• Wake up around 6:30
  • Do an in room HIIT workout- either self run or using Fitness Blender
  • Have breakfast (this either involves having some fruit and yoghurt [I found a tiny little fresh yoghurt place that sells tubs of homemade, pro biotic, natural yoghurt w. NO SUGAR! Win!], and vegemite on these cracker things I found which are sort of like saladas OR strolling down to the wet market and getting a traditional Thai breakfast of egg, rice and some sort of stirfried dish.) and do my quiet time.
  • Linger over the beautiful Nancy Chandler map of Chiang Mai and decide what incredible thing I’m going to do this morning.
  • Ride bike/walk in general direction of that thing hoping for the best.
  • Find thing (it’s closed)
  • Ride/walk around aimlessly, taking note of cool looking places to visit. Meander like the locals
  • Head to TFH by 10am if I’m not teaching that night…
  • And to be honest, I’m not sure what I do there. Today is my first day so it’s still v early stages- I’m basically learning where things go.
  • Have a delicious lunch. I’m going to work my way through their menu, it all looks so divine.
  • Back to work…
  • Ride home around 5- if I’m not teaching that night…
  • Chill for a bit while I decide what to do that night… I’m not really a massive party animal so I need to be sure that I get my sleep. I also don’t want to spend loads on red trucks and tuk tuks, so I want to be able to walk/ride to most places myself… but I’m still not very confident on the roads. So… we shall see. I would like to go to documentary screening tonight about the Burmese Civil War which is still affecting many of our students, but I think I’ll take a red truck there as I’m not 100% confident in riding to the location… or rather, riding back in the dark. Most nights I’m envisaging heading over to the night market or one of the many vendors/restaurants in the area, grabbing some food and enjoying it while people watching or reading my book.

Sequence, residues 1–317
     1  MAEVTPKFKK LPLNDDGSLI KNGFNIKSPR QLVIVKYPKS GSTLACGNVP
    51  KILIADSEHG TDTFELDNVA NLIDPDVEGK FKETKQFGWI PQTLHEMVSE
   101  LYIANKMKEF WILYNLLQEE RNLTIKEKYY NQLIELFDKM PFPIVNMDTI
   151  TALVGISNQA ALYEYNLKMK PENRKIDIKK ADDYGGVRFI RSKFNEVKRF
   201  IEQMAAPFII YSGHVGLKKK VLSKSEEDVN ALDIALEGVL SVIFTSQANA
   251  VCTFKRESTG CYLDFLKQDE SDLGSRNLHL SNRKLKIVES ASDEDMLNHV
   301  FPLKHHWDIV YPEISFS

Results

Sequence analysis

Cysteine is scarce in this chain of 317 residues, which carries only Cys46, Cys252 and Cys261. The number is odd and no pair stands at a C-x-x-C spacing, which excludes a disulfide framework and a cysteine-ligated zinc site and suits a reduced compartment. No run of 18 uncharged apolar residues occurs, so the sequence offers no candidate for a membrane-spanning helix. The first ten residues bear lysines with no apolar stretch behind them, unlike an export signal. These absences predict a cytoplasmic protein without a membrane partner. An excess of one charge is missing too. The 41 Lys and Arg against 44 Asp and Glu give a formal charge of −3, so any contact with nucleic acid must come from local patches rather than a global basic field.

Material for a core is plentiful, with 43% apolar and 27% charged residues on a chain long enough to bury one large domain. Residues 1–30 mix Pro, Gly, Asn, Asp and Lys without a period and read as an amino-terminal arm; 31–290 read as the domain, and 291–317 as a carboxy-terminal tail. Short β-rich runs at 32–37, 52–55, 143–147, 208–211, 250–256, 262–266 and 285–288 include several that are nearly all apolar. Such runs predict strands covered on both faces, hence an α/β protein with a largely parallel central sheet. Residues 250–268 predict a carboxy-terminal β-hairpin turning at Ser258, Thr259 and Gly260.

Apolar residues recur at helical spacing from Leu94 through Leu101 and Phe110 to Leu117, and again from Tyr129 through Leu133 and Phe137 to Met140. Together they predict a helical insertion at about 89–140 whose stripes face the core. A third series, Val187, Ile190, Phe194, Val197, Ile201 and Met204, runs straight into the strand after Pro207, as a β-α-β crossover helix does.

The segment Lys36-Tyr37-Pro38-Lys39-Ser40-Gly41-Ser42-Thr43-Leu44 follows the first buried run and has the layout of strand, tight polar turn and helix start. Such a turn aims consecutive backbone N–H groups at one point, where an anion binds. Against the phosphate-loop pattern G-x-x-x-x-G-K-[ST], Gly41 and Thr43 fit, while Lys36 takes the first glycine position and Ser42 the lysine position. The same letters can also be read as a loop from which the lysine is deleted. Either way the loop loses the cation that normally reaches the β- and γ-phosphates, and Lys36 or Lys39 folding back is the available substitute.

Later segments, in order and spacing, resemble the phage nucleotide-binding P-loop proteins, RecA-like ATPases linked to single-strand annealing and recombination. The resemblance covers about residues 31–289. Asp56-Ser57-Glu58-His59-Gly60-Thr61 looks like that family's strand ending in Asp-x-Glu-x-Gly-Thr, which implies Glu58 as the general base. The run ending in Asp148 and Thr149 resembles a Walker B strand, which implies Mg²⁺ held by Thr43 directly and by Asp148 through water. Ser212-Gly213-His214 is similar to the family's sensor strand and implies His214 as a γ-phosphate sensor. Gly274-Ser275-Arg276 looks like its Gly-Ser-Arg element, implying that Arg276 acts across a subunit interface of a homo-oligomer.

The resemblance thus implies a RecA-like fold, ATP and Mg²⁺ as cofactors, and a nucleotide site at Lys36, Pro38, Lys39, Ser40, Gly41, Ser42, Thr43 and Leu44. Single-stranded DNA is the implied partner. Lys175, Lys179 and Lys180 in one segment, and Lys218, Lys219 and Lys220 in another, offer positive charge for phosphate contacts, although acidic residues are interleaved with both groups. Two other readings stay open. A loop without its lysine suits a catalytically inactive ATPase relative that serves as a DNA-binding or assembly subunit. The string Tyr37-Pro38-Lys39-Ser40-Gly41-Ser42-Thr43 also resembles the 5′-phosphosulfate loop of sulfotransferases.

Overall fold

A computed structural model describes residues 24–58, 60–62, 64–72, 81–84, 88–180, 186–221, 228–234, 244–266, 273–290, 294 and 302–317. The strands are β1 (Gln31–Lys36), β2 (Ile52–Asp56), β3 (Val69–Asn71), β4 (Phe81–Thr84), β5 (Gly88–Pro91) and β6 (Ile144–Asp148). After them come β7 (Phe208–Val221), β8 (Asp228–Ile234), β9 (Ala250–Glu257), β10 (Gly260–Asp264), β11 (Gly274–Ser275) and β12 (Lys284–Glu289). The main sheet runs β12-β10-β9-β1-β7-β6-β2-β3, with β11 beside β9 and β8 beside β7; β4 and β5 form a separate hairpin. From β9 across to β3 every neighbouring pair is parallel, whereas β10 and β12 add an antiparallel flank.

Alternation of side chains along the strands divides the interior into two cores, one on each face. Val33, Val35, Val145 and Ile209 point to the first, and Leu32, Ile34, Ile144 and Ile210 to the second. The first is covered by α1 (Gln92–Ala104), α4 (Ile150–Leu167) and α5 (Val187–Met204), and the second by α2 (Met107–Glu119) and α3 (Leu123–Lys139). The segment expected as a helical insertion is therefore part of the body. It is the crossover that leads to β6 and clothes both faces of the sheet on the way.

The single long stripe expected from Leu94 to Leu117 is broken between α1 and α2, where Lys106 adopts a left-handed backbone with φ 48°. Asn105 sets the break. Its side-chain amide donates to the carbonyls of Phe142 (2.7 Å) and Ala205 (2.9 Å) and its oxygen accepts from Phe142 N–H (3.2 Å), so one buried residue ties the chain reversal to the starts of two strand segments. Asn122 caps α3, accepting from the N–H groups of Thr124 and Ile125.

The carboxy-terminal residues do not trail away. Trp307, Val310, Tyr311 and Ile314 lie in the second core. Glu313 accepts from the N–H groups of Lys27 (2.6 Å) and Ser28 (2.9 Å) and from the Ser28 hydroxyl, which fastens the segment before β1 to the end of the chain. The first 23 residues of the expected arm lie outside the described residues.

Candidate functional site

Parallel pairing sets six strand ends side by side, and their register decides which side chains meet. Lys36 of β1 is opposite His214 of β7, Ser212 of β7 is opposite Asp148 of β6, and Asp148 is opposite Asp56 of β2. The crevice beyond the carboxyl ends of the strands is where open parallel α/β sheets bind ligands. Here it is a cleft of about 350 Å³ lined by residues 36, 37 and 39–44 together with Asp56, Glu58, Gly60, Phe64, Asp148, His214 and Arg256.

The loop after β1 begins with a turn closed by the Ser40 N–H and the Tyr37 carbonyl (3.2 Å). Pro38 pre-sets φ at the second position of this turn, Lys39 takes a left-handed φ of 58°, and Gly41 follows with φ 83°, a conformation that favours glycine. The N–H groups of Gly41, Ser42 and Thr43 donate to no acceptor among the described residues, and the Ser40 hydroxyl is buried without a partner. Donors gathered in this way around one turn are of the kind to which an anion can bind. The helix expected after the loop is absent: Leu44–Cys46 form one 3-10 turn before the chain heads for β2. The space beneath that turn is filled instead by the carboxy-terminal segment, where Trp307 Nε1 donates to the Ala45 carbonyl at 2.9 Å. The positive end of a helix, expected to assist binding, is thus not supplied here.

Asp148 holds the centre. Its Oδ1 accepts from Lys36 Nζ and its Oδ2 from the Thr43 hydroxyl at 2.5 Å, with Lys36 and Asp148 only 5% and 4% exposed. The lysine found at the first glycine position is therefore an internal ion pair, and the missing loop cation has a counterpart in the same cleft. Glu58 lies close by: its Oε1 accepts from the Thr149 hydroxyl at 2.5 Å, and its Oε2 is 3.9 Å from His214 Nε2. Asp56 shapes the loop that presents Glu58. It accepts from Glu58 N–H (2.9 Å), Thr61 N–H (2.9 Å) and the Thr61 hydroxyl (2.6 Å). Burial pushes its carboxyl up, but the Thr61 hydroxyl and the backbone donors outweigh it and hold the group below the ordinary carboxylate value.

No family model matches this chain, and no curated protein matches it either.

• Have an earlyish night and fight with the air conditioning as to ensure a good nights sleep, ready for another day tomorrow.

 

The freedom is divine and actually really challenging for me, so it’s been a good learning experience ALREADY, and it’s only week 1! I think it’ll get easier, or just be different, when there’s another volunteer who I might be able to do things with. Someone is starting tomorrow (Friday!)

 

  • Coming home.
    It’s already dawning on me how quickly this year will go and all the things I’ll miss when I’m at home, or even while I’m travelling. I don’t want to dwell on this though as I know this year will be life changing and life at home will be so rewarding when I return and all the more richer for this experience.

 

  • Visas….
    Still scared. Don’t want to think about the border runs I need to do.

I’m certain this list will grow and expand but at the moment, this is it. Which is pretty good, so far I think!